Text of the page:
Browsing through podcasts, influencers, and self-help books, you’ll encounter a lot of promises about what you can do with your mind. Control your thoughts. Master your mind. Rule your subconscious.
Each one centers around the same thing: By influencing your thoughts, you can change the way you live—and change your life. It’s biohacking the mind.
While that sounds like a nice and rather efficient plan, in reality, it’s not how things shake out. You have far less control over your thoughts than you might assume.
Case in point: thoughts can pop into your head with no warning, seemingly out of nowhere. What else could explain why you’ll be struck by a memory of something embarrassing you did in high school or are besieged by an image of driving your car into oncoming traffic? Maybe a traumatic event from your past comes rushing back to you, or a random vulgarity pops into your brain. These are known as intrusive thoughts, and—believe it or not—they’re completely normal experiences. However, in some instances, intrusive thoughts can be a signal that there’s more going on.
In this article, we’ll explore what it means to control your thoughts and how possible that may be, plus how mental health conditions play a role and what you can do to take back a bit of control.
Can you control your thoughts? What the science says
We’ll get right down to it: You are not a superhero. “No human would be able to control all of their thoughts all of the time” says Taylor Newendorp, MA, LCPC, Network Clinical Training Director at NOCD. “Research is all over the map, but in general, data suggests that after age 12 or 13, the average human being experiences tens of thousands of different thoughts in their waking hours over the span of one day,” he says.
In fact, according to the Cleveland Clinic, you have about 70,000 thoughts each day running through your head. Making all those thoughts happen is the result of 100 billion neurons in your noggin that communicate at 300 miles per hour, the clinic points out.
Considering the sheer complexity of thought creation and the incredible number of thoughts bouncing around in your brain, you can see what makes it impossible to master them all the time. “This is one of the beautiful things about the human mind—it’s constantly creating. One way it constantly creates is throwing lots of different thoughts and images at us. Most of which just happen,” Newendorp says.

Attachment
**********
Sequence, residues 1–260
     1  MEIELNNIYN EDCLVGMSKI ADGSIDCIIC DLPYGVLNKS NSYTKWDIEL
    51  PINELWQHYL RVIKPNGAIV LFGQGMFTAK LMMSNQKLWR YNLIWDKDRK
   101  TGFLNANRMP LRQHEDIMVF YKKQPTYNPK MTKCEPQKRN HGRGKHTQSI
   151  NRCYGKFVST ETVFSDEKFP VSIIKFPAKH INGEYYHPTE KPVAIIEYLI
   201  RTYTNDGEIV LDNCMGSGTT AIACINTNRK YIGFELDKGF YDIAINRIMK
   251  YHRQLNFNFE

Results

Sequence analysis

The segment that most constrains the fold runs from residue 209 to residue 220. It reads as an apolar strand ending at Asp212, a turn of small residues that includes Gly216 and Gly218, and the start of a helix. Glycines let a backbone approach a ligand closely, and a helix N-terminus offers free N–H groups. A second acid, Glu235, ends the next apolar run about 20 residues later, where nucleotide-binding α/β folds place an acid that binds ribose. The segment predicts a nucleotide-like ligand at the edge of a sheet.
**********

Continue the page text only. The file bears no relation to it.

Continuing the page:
Often, inputs from the environment set off a series of thoughts—and your outside world is also something out of your control. One study in Frontiers in Psychology in 2018, found that conscious thoughts could be easily triggered by external forces—such as being asked not to think about something. What popped into participants’ minds had little to do with whether they wanted to be thinking about these things or not.
There’s an example that’s commonly used to illustrate this point: right now, no matter what, don’t think of a pink elephant. Now tell me what you thought of—I’ll bet it was a pink elephant! Of course, you didn’t really intend to think about one, and you’ve probably never thought about a pink elephant before. But the fact that your brain was trying to direct your attention away from a pink elephant only made it more likely for that thought to pop into your mind.
Of course, there are well-known practices, such as mindfulness and meditation, that harness the power of thought. However, in these practices the goal isn’t to control your thoughts. Rather, it’s to be aware of where your attention is and what’s in your mind, and to acknowledge your thoughts without judgment, research suggests. A wandering mind happens during practice—this is another term for having uncontrolled thoughts—and that’s okay.
What to do if you’re struggling with intrusive thoughts